of her opponent. Why had he let her win? She should have lost, back there. She
should be heading back to the forest, to resume her life as a nobody.
By a fluke she remained, now to compete against
the other victor, the pet who had won all of his rounds. Her only hope was that
he felt as exhausted as she did.
The gates swung open, and the audience squealed,
already frenzied from watching the last two dramatic matches. Aloriel cantered
out, trying to hold her head high, but felt just as she did when being led home
by the Pound Lupes. Her stomach was queasy with nervousness and strain, but
she fought to suppress the sickening roils and allow the chance of winning to
steady her racing heart.
When her opponent's gates parted, her faint hope
of winning dissipated. He was a terrifying and surly Darigan Skeith. A cruel
grin twisted his thin lips, and his eyes glinted with malice. The look he gave
her said one thing: /fresh meat./
He did not wait for her to attack first, but
lunged at her with deadly speed. She tried to leap away, but this enemy was
much faster than any she had yet encountered. Catching up to her easily, he
batted her to the dust with one great slap of his clawed paw, his dark laugh
ringing in her ears.
She jumped to her feet, stretching out her wings
to try to fly up and escape, but he swatted her down again, bruising her sides
against the unyielding, hard-packed ground. The audience, which had chuckled
and hooted at first, grew quiet as she struggled up again, only to be whacked
down by the monstrous Skeith.
It seemed hours that the torture continued. She
would hit the ground, lying motionless and defeated, but determination would
force her to rise again. Each time her body slammed into the dirt, she could
hear the Shoyru's voice. /Stop this foolishness. You are not a battler./ But
she knew that if she did not get up, she would never win, and never find a home.
Every muscle screamed in protest as she forced
herself upward, standing on legs numb and feeble. The Skeith's ugly purple face
was flushed with laughter as he raised a great paw again. As it sailed into
her, the audience cried out against him, and she thought she heard Terou calling
The dust rose around her as she struggled to
breathe from where she lay upon the ground, but even her breaths were painful
in the taking. The referee began to count, but it seemed that his words were
in a different world. "Five." She had to get up. If he reached one, it would
mean she lost.
Up, she told her unresponsive legs. I
need to get up.
She heaved herself upward, but stumbled back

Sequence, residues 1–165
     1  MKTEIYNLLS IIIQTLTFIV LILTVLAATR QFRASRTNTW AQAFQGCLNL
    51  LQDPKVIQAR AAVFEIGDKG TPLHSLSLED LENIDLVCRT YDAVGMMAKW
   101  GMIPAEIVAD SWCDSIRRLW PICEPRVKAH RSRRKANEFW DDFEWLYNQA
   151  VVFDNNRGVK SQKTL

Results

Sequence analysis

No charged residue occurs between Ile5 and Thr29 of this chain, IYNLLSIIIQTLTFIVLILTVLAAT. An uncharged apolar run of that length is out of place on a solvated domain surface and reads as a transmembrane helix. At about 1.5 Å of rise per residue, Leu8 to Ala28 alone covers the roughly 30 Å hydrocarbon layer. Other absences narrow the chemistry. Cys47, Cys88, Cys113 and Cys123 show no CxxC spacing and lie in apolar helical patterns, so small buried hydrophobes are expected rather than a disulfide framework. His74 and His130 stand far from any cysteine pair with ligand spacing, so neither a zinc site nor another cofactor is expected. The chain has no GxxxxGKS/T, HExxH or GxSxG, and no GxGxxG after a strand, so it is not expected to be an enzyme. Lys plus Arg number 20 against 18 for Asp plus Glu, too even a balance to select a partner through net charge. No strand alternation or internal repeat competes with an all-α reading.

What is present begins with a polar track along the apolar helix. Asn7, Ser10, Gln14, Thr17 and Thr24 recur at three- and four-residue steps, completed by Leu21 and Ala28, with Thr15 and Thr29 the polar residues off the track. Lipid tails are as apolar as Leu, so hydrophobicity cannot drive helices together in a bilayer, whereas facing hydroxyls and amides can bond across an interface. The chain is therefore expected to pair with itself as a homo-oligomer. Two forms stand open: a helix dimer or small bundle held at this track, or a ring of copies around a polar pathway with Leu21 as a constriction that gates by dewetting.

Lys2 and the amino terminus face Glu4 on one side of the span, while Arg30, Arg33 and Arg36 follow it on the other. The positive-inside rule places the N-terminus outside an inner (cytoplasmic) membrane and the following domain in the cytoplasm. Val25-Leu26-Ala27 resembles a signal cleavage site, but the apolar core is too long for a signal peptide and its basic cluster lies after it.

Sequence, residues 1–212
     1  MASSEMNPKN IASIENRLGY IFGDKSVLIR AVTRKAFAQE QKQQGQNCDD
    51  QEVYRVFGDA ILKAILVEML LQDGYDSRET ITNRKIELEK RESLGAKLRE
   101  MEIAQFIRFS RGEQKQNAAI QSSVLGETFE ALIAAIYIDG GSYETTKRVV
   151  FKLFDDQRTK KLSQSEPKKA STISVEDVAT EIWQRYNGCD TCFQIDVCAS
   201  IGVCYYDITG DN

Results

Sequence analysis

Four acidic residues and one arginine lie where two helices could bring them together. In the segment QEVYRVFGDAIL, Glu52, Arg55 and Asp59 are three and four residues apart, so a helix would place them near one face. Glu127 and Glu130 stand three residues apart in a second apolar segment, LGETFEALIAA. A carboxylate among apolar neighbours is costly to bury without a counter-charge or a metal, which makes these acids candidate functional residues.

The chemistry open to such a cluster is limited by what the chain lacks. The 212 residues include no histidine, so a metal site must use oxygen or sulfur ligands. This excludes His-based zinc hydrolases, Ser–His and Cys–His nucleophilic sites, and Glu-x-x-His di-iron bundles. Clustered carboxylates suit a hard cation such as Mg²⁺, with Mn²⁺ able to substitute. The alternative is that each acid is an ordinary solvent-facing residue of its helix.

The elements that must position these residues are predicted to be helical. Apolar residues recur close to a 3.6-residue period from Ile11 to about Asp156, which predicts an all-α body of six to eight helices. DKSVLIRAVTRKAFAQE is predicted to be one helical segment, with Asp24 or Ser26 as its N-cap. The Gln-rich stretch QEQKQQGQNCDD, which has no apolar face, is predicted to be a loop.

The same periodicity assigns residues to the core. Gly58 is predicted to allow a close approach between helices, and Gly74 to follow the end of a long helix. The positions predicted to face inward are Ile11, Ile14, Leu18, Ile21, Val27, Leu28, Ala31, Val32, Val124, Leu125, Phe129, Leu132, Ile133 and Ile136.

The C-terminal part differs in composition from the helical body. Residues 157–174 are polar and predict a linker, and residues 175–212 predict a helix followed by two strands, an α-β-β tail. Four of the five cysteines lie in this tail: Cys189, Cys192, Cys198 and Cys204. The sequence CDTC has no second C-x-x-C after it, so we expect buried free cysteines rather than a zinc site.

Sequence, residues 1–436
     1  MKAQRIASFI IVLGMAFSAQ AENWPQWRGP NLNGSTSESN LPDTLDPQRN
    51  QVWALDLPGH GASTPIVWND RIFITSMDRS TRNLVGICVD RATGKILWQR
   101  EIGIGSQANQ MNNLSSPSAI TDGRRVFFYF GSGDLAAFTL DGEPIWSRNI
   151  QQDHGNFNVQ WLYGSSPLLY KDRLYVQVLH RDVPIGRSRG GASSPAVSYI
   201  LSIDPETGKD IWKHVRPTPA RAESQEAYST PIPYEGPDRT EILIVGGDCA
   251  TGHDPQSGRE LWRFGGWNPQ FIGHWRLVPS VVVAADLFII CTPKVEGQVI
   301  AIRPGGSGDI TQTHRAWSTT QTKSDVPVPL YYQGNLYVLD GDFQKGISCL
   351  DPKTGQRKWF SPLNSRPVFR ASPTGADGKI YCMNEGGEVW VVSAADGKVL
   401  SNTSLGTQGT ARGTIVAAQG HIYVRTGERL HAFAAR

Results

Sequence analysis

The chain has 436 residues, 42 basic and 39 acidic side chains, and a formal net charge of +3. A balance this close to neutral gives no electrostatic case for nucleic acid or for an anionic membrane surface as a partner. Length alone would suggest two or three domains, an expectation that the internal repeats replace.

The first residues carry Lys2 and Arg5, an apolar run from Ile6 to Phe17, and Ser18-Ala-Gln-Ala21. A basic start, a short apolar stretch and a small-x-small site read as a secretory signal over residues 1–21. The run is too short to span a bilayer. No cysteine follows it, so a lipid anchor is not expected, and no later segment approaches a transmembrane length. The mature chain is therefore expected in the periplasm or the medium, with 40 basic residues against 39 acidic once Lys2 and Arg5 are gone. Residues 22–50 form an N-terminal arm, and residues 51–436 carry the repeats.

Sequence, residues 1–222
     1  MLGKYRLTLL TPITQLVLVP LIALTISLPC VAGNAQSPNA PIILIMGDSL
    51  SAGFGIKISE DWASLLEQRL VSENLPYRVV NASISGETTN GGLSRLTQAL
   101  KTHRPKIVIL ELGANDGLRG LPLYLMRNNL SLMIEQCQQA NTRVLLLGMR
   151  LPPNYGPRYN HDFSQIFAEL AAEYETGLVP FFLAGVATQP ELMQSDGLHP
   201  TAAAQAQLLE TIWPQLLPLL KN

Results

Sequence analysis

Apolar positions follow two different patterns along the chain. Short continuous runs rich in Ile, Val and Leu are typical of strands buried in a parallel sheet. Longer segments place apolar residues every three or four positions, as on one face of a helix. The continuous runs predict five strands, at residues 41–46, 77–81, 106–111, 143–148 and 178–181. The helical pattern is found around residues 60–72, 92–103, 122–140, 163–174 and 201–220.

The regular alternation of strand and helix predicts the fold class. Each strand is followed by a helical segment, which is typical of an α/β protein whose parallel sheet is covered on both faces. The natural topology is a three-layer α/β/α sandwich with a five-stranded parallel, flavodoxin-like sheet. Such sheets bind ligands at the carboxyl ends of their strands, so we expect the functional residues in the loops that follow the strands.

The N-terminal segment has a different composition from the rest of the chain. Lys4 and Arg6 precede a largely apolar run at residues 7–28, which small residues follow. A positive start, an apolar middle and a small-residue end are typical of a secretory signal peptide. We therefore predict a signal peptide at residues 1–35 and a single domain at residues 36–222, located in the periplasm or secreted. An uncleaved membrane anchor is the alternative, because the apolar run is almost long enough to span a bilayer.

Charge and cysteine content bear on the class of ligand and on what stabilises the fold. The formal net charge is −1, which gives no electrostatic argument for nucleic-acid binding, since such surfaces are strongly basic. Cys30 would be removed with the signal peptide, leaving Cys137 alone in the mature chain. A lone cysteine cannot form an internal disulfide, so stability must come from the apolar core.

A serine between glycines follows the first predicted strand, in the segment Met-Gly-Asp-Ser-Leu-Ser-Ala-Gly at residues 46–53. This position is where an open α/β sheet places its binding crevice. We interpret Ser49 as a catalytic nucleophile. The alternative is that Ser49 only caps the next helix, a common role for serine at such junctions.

down, hot tears rising in her eyes, throat thick with frustration.
A deep breath. Another. Up, up, up... Why wouldn't
her legs obey?
With a sudden burst of strength that she didn't
know she had, the young Uni stood and held her ground. The world spun, and the
leering form of the Skeith was blurred and distorted. Was that thundering her
own heart beating? Or was it the screaming of a thousand throats?
"Oh, Uni. You make this too easy." The giant
purple form lifted a paw. Aloriel closed her eyes hard, knowing that this time
she would not get up; this would be the end. She was almost past caring.
The audience watched, confused, as a single form
pushed her way though the stands, landing in the stadium. It was a young woman
in a blue cotton dress and an expression on her face that seemed uncharacteristically
stern. "Stop this at once!" she cried to the referee, scowling, and made her
way over to Aloriel. "Who is your owner?" she asked. "I would like a word with
the one who would put their pet through such horror with such little training."
The tears that had been building up ran down
the Uni's cheek. "I have no owner," she admitted softly.
For a moment the lady looked astonished, but
she mastered herself quickly. "You do now," she replied. "Poor thing! Would
you like to come home with me?"
"I... I don't understand," replied Aloriel, utterly
baffled. "Why would you want me? I didn't even win the gold."
At this, the lady smiled, revealing the kind
light in her eyes. "It's not saying much for a musclehead like this Skeith here
to enter, knowing he would win. But for someone like you to enter, it means
you must be quite courageous indeed. It would be nothing less than an honor
to adopt one such as you."
Grinning in disbelief and relief, the Uni glanced
up to the stands, where Terou gave her a thumbs-up. Behind him Raife and Jairen
clapped hands, cheering loudly. And many miles away, beneath the same glowing
sun, a single Lupe smiled to himself, wondering at the sudden wave of joy.